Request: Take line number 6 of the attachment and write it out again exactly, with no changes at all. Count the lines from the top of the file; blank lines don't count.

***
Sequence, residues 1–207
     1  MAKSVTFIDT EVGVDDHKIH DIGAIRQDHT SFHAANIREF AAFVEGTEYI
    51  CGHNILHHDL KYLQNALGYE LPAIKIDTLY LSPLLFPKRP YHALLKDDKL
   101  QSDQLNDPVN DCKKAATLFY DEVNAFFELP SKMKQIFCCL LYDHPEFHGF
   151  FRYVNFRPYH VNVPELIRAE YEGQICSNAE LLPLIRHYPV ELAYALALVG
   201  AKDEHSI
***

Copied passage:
   201  AKDEHSI